Educators often point to a student’s socioeconomic status as the greatest predictor of school success.
That explanation has the benefit of providing a built-in excuse for why urban districts serving low-income minority kids perform so poorly.
But a new analysis of state English and math test results indicates something more than money is at play here.
In fact, the Education Trust-New York discovered that the gaps between white students and students of color are actually larger among more affluent pupils than among low-income kids.
As the trust put it, "schools underserve students of color regardless of their income level." (emphasis theirs)
Statewide in English among low-income students, for instance, 26 percent of blacks and 26 percent of Latinos were proficient, compared to 28 percent of white students. But among better-off students, the gaps were yawning: 57 percent of white students were proficient, compared to just 42 percent of Latino students and 39 percent of blacks.
The pattern was similar in math, where 22 percent of low-income blacks and 24 percent of Latinos were proficient, compared to 32 percent of whites. At the higher income levels, the gaps grew: 60 percent of whites were proficient, compared to just 39 percent of Latinos and 33 percent of black students.
While the data is not broken down by indivdual district, Erie County numbers follow the same pattern. In English, the 27 percent proficiency rate for low-income whites doubles that of low-income blacks and Latinos. But among better off students, 55 percent of whites were proficient, compared to just 37 percent of Latinos and 26 percent of blacks.
In math among low-income students, 32 percent of whites were proficient compared to 15 percent of Latinos and 11 percent of blacks. Futher up the income scale, the gap widens: 59 percent of whites, 37 percent of Latinos and 23 percent of blacks were proficient.
For Bell Curve proponents, there is an easy explanation for the gaps. For the more rational among us, other explanations come to mind – explanations rooted in the fact that we have yet to fully address issues of race and equity in education despite much obvious progress.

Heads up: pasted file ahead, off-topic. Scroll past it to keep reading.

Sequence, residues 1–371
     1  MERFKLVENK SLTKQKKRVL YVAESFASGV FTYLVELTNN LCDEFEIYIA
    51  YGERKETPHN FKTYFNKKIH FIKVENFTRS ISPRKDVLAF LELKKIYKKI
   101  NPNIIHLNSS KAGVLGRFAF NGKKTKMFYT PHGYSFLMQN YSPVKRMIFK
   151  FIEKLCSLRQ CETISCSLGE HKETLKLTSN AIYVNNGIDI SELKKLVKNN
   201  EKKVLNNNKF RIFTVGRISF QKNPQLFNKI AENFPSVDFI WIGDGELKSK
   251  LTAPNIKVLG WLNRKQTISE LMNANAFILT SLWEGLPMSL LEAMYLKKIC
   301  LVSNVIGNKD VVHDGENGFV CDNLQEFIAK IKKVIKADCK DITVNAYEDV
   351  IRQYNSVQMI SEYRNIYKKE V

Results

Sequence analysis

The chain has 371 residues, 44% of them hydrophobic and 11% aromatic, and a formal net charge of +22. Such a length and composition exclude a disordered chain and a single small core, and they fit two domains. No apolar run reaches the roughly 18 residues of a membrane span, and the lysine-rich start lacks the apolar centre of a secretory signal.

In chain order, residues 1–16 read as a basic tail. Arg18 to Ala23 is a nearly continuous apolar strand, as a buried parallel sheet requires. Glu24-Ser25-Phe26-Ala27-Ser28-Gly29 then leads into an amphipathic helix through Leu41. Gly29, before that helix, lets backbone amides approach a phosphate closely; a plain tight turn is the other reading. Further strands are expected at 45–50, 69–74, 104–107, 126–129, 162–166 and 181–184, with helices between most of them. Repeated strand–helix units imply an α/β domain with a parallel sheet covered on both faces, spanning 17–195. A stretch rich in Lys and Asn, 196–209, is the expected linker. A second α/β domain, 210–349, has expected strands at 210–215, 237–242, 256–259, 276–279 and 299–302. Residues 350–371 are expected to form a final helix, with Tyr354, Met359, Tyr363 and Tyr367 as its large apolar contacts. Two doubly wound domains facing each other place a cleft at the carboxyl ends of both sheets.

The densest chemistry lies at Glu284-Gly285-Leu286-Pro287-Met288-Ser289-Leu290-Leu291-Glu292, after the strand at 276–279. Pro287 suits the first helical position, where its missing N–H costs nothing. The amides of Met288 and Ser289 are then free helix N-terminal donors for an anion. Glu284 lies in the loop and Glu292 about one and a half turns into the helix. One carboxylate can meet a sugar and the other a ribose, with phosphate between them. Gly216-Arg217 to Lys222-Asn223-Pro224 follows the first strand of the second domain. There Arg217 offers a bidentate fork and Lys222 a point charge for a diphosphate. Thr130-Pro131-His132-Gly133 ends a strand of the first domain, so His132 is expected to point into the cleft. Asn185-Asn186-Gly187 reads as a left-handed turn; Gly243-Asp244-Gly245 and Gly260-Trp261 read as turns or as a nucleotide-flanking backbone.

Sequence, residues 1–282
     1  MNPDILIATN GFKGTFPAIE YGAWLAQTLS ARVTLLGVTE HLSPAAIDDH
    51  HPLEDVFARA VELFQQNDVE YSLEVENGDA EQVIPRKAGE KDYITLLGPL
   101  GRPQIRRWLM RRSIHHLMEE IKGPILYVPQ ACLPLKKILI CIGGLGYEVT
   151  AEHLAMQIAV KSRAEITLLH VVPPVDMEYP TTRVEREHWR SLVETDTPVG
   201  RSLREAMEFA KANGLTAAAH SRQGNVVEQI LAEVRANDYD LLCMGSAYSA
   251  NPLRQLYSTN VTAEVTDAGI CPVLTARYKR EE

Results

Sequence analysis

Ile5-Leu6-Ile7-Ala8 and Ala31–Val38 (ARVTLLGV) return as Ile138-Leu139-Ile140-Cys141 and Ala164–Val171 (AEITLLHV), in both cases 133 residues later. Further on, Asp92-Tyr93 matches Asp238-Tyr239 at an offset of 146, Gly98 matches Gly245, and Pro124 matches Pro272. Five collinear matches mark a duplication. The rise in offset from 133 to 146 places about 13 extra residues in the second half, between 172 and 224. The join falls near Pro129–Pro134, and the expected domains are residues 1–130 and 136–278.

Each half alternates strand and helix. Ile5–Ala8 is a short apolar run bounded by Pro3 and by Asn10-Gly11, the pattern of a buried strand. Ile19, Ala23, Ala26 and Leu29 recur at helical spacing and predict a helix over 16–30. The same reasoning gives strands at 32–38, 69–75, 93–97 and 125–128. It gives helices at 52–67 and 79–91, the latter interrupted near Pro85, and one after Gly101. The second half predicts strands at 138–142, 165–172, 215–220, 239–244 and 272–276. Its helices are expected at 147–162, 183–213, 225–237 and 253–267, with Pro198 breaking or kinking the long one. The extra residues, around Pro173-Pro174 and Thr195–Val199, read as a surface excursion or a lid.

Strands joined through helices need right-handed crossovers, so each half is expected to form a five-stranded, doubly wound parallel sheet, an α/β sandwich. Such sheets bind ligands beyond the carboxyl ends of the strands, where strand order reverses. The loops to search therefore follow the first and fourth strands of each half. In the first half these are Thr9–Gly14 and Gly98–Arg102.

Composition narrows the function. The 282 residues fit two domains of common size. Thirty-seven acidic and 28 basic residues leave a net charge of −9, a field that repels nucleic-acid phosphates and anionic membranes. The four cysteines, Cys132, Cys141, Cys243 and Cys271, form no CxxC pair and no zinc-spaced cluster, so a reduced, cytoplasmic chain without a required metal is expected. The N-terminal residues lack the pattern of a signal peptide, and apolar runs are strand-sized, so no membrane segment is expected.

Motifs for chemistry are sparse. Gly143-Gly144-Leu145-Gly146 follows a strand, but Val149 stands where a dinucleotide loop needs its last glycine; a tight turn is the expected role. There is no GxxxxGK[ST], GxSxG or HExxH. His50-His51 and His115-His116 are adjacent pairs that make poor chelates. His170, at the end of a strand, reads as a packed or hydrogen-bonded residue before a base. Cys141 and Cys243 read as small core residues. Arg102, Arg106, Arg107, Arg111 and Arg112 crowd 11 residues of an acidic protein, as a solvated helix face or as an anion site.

"Are we maintaining consistently high expectations for all groups of students, including historically underserved students?" Education Trust Executive Director Ian Rosenblum asks rhetorically.
That’s a particularly crucial question in a district like Buffalo, where minority students are 80 percent of the enrollment while the teaching staff is 85 percent white and nearly two-thirds of those teachers live in the suburbs. How much are unconscious stereotypes about what students are capable of – the so-called soft bigotry of low expectations – fueling the gaps?
Rosenblum also points to research showing that students of color are more likely to be assigned ineffective or inexperienced teachers or those teaching outside of their field, factors he calls – "critically important." Funding inequitites as well as an unequal access to the more rigorous courses – such as middle school algebra — also play into the gaps, he said.
None of these are the students’ fault.
"It’s all about the decisions the adults in the education system make," he said, including state policy makers who make decisions regarding funding, curriculum and standards.
While much attention has been paid to the plight of low-income students, this report makes clear we also still have a race problem in education. We probably didn’t think we’d be saying that six decades after Brown vs. Board of Education. Thank goodness the Education Trust is.